Not all trademarks are created equal. For inherently distinctive marks, the path toward trademark protection is often a routine matter of filling out the necessary paperwork. For descriptive marks, trademark protection is sometimes simply not an option.
However, through consistent use and brand building within their market, some descriptive marks can acquire distinctiveness among consumers. When this happens, the mark is said to have acquired “secondary meaning” among consumers. Secondary meaning occurs when relevant consumers associate an otherwise descriptive mark with a single source. Secondary meaning is a powerful indicator that a mark is no longer descriptive and has been elevated in the minds of consumers as distinctive identifier of a brand.
Proving secondary meaning is often a crucial step in trademark litigation. A finding of secondary meaning essentially elevates a mark’s status, opening the path to trademark protections that previously may have been unavailable. For this reason, allocating sufficient attention to the issue of secondary meaning should be a primary consideration in developing case strategy.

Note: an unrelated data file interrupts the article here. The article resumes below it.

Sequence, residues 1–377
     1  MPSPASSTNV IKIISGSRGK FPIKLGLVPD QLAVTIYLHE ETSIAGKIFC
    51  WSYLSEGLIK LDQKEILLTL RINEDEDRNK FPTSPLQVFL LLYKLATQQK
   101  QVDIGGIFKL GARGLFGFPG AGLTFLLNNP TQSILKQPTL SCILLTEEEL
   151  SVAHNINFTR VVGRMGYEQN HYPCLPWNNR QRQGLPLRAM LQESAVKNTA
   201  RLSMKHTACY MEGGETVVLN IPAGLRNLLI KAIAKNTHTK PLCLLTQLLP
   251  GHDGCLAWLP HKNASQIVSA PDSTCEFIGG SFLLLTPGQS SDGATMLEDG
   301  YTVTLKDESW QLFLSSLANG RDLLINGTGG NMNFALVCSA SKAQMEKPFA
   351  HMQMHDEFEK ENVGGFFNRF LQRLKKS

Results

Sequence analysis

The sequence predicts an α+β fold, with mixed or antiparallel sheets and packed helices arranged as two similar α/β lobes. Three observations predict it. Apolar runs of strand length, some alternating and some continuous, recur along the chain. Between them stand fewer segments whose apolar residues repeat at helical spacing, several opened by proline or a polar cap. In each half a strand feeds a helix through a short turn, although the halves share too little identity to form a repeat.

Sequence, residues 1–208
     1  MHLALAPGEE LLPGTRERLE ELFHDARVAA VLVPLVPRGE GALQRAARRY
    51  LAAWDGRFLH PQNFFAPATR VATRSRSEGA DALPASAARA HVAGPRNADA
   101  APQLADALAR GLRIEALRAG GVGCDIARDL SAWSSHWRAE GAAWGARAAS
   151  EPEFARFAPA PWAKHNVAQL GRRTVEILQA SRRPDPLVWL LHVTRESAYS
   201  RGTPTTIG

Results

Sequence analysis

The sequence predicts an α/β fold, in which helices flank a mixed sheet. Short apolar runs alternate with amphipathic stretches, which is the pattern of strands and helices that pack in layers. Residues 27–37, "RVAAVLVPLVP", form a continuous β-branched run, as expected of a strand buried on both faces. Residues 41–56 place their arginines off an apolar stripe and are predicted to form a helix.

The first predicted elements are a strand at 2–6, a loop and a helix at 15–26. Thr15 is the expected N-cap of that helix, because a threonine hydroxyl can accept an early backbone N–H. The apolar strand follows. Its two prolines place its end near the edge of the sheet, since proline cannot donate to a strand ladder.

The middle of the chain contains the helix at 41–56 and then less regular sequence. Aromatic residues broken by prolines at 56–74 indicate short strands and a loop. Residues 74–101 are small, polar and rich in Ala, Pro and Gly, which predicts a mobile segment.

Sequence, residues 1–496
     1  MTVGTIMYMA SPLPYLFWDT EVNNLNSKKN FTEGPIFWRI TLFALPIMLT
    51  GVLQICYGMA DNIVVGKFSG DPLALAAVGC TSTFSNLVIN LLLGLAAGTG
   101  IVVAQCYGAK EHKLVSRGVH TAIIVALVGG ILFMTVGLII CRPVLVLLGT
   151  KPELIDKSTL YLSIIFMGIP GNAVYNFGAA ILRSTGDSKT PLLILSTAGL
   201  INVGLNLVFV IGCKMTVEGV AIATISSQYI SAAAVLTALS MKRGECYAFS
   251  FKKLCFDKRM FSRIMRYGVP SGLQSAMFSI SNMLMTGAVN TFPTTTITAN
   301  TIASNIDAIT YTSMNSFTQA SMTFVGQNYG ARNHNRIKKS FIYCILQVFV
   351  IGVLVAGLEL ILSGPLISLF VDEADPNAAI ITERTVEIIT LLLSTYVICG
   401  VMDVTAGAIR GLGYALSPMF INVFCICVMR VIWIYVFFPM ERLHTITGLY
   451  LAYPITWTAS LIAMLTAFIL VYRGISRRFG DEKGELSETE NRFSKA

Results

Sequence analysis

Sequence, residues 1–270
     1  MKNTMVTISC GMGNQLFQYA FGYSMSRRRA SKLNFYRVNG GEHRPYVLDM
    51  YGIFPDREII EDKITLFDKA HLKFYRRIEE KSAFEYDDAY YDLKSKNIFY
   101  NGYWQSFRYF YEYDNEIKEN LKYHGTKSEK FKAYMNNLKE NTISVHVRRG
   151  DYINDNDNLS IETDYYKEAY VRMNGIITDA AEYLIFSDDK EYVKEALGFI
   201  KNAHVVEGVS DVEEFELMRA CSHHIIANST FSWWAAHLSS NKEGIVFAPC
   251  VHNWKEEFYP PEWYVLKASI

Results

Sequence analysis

Conducting a consumer research study is a common approach toward proving secondary meaning. Keegan & Donato Consulting will design a study to target relevant consumers in your client’s market and determine how these consumers perceive your client’s brand. Call us to find out how a secondary meaning study can help you develop a robust case strategy.